Aliens for neighbours? How the discovery of a new planet challenges Christians

This artist's impression shows a view of the surface of the planet Proxima b orbiting the red dwarf star Proxima Centauri, the closest star to the Solar System.ESO

There's a planet circling our solar system's closest star, Proxima Centauri, and it's quite like the Earth except that it's orbiting a red dwarf and is vulnerable to violent solar flares.

For scientists it's amazing news, since Proxima is only down the road, astronomically speaking. Four light years is nothing, when you think of the size of the universe. It would still take thousands of years to get there, mind, and there's no immediate likelihood of anyone actually going. A more likely prospect is that tiny probes with laser-powered sails will be sent off, cutting the journey time to only 25 years (plus four years for the data to come back).

The science is one thing. What about the theology? Some Christians are adamant that there can't be life on other planets because Genesis doesn't mention it. That requires a particular view of Genesis, of course, and most Christians would say that it wasn't designed as a scientific textbook. We shall have to see: and the significance of the discovery of this new planet is that for the first time in history the prospect of being able to do so has opened up before us. If there's life out there, we might find it.

But will we? The fact that there's one Earth-sized planet doesn't mean that all the conditions necessary for life to evolve have occurred elsewhere, though in a universe this size they probably have. There may, on the other hand, not be very much of it. And there's always the nagging doubt: we are on the edge of the western spiral arm of the galaxy and other civilisations closer to the centre will have developed millions of years earlier than us. Why, if they exist, haven't they found us? Perhaps they are not there; or perhaps the distances are too great and the technology does not and never will exist.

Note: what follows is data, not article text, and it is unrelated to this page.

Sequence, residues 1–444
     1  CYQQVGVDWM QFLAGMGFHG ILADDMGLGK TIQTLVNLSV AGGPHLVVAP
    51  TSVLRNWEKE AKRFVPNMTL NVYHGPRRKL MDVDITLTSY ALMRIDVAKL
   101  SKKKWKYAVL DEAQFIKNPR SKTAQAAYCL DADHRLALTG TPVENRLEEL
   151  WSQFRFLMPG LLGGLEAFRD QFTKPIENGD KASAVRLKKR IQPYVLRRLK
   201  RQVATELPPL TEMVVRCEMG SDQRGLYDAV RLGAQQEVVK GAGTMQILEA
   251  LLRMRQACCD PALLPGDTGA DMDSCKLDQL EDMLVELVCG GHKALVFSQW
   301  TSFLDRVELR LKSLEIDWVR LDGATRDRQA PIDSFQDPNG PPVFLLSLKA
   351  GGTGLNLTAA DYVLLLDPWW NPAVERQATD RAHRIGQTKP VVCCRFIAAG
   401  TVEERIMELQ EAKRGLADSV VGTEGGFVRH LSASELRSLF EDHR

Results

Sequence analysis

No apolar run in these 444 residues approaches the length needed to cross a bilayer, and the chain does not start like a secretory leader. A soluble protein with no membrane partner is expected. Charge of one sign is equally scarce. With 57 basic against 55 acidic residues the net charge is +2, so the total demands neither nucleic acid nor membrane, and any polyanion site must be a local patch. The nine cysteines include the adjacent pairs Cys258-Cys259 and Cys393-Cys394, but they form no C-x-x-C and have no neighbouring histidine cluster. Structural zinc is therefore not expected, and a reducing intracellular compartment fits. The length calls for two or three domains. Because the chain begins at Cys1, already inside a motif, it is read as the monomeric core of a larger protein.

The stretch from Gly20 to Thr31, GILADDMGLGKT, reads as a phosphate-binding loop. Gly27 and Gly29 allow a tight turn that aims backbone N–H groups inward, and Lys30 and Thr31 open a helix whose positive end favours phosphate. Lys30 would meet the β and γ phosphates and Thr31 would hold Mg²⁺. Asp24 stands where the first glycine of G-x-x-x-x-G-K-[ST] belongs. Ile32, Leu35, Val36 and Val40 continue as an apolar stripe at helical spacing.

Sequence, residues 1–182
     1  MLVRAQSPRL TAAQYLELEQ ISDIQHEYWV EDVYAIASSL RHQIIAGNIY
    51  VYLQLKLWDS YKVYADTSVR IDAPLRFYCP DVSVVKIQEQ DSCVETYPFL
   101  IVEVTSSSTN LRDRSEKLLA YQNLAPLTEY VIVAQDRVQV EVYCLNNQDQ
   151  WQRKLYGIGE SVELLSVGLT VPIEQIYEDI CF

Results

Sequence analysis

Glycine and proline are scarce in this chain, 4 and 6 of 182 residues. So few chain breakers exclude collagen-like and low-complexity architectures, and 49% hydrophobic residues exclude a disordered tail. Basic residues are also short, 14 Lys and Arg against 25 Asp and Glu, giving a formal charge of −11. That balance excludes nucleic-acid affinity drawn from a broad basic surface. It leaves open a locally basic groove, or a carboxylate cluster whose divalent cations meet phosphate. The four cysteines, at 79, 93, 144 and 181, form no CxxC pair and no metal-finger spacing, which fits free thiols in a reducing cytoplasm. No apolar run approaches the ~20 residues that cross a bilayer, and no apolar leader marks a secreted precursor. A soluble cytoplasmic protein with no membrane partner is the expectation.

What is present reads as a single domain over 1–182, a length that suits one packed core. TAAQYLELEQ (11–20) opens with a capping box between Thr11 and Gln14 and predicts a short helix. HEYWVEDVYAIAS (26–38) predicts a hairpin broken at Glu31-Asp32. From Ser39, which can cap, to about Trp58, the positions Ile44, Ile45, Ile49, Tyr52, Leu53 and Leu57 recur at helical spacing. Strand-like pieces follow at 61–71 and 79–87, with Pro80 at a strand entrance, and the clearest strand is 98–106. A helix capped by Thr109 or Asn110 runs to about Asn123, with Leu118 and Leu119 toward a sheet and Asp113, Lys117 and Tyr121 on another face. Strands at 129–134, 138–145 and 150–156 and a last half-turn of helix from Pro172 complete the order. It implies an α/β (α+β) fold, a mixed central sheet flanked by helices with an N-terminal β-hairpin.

It's a faintly depressing thought. For as long as I can remember I've been entranced by the speculations of the great science fiction masters. Isaac Asimov, Arthur C Clarke, Robert Heinlein, Ray Bradbury – these and countless others painted a picture of a universe that was vaster and more wonderful than ordinary imaginations could compass. And some of them wrote about God, too. Clarke did in The Nine Billion Names of God; CS Lewis did in his Out of the Silent Planet series and Walter Miller in A Canticle for Leibowitz. James Blish in A Case of Conscience explores the dilemma of a Jesuit who investigates an alien race which evolves through several forms through the course of its life cycle and which has no religion or any concept of God, an afterlife or sin. Should he try to convert them or not?

This thought that there might just be life on other worlds won't leave us alone. And for Christians that inevitably raises questions, like the one Blish addresses. If there's intelligent life, wouldn't it necessarily know morality? If it knows morality, wouldn't it know sin? And if it knows sin, wouldn't it need forgiveness and redemption? On little old earth, especially in our Judeo-Christian tradition, we understand this in terms of sacrifice. But a civilisation that's fundamentally different might not understand it that way at all. And how would they conceive of God? Would he be incarnate for them, and if so how?

For some Christians, questions like this might be pointless, or even blasphemous. But one of the things drawing back and taking a long look into deep space can do for the earthbound Christian is to make us realise how very small our vision is, and how very wound up we get about things that don't, cosmically speaking, really matter. And we have good biblical warrant for this spiritual star-gazing, too. The Psalmist invites us to consider God's heavens and our own insignificance (Psalm 8). The apostle Paul speaks of Christ as "one who fills all things in every way" (Ephesians 1:23) and as "the image of the invisible God, the firstborn over all creation", who is "before all things, and in him all things hold together" (Colossians 1:15,17).

We don't deal with the prospect of life on other planets by denying its possibility. We deal with it by expanding our understanding of the nature of God, who claims not just our world but our universe. It would be a pity if Christians were unable to match the soaring imaginations of all those science fiction writers, with their extraordinary ability to make us think the unthinkable and grasp the unimaginable.

Follow Mark Woods on Twitter: @RevMarkWoods